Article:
# Mystery about Pulse Transmission Distance - EIA-422

In pulse transmission by cable, the longer the distant is, the more difficult it is to transmit pulse quickly. For example, in the appendix of "RS-422-A," it is recommended to use a figure as shown below as conservative guide of selection;

Then, it is honestly confessed that, in this standard, this figure is based upon empirical data and has been made from the following criteria, where telephone cable of copper conductor (24 AWG, 52.5pF/m) terminated at the resistance of 100 Ohm is used;

```a. Rise and fall times of pulse are the half of pulse width,
b. Voltage fall from signal to load is below 6dB.
```
The criterion of being up to the half of pulse width may be acceptable, since "slow speed of rise and fall is good enough as long as they catch up with speed of pulse." Meanwhile, they have left no doubt about that "voltage fall up to the half may be acceptable" by judgment in a traditional way of the electric engineering field. The Supreme Court of Japan has made a precedent that two constituencies are equal even if one of them has more than twice as many voters as the other. In the field of engineering, however, there is a tradition that they do not regard two things equal if their proportion is bigger than 1:2, which everybody except lawyers may think appropriate.

Now, regarding theoretical bases of the above figure, it is easy to imagine that the limit of the cable length, which is "constant" up to 1.2 km at the transmission speed of less than 90 kpbs, is caused by direct current resistance. That is because this straight line "is stretched up to direct current."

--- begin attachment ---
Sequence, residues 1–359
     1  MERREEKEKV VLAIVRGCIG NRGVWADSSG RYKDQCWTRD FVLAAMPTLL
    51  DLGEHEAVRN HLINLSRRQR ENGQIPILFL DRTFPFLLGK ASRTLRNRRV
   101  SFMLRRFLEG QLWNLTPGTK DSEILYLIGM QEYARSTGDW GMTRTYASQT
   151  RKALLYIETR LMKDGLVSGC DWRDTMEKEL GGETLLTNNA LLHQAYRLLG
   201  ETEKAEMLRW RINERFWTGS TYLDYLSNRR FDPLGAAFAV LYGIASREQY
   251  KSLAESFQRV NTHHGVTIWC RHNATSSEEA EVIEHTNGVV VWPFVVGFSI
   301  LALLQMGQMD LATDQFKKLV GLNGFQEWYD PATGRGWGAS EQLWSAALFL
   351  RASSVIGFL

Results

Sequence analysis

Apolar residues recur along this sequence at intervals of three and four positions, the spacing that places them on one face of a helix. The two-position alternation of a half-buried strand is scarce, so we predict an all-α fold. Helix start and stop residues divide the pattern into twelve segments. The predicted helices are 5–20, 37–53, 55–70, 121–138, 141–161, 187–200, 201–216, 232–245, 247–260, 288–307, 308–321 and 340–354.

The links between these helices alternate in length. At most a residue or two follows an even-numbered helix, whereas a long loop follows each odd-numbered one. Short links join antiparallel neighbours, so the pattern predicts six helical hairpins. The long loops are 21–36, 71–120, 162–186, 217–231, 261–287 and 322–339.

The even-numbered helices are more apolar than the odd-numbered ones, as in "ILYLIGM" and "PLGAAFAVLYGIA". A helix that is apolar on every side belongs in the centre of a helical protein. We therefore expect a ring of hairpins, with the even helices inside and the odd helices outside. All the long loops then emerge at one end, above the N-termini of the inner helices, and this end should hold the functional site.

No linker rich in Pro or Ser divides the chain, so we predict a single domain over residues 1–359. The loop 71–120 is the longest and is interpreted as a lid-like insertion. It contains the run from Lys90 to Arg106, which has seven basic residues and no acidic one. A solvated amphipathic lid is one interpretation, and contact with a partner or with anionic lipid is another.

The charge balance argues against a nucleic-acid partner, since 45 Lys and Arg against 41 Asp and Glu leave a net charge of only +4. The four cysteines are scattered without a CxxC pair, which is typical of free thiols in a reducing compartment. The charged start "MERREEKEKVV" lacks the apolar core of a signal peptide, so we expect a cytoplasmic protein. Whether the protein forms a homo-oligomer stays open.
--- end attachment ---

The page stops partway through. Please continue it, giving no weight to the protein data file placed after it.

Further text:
Let's confirm this by calculation here. Direct current resistance of 24 AWG copper conductor is 0.0842 Ohm/m, which is doubled in a round-trip. Meanwhile, the impedance of the transmitter and the receiver is 100 Ohm respectively. Also, the input voltage of the receiver falls to 1/2 in direct current, when the direct current resistance of the cable reaches 200 Ohm. Since this point is set as the limit of the cable length, the formula of;

``` the limit of the cable length = 200/(0.0842*2) = 1200 m (1)
```
corresponds to the above figure. In other words, this territory is fixed with the criterion (b).

The matter is the straight line over 90 kbps. The line which is based on the criterion (a) shows that it becomes difficult more and more to make rapid transmission with long cables, because the longer the cable is, the slower the waveform of pulse is to rise or fall. The figure shows that experiments with cables of different length have revealed the above result.

However, as experimental data, such relation of inverse proportion as;

``` the limit of cable length = 1.2 e8 / s(m)  (2)

where, s = transmission speed (bit/s)
```
looks so neat that it suggests that "there is somewhat simple and strong theoretical basis." In other words, it does not seem to be a mere experimental or empirical law.

Besides, a defect of experimental data is their lacking generality. For example, this standard shows only the data about one kind of electric cable, 24 AWG telephone cable, but does not show;

```1) how they are with cables of different sizes,
2) how they are with other structures.
```
Therefore, it is quite dubious as an index of selection.

Is a relation like (2) really explainable only experimentally or empirically? Do we have to give up pursuit of theoretical bases, like the author of "EIA-422-A" and many other writers who have referred to or requoted this guideline, and to shelter ourselves in an uncomfortable "empirical" world?

This is the question this time. Introducing this kind of writing is a good aspect of US standards, that does not happen with Japanese standards. Japanese standards are somewhat useless on principles of too much favor to influence exerted from the authority and of too much memory work, which is most likely in a bureaucratic country.

(Note) The same kind of experimental data can be found in the standard of "EIA-423-A" and in some books such as "Computer Data Communication Technology" by John E. MacNamara (CQ Publishing).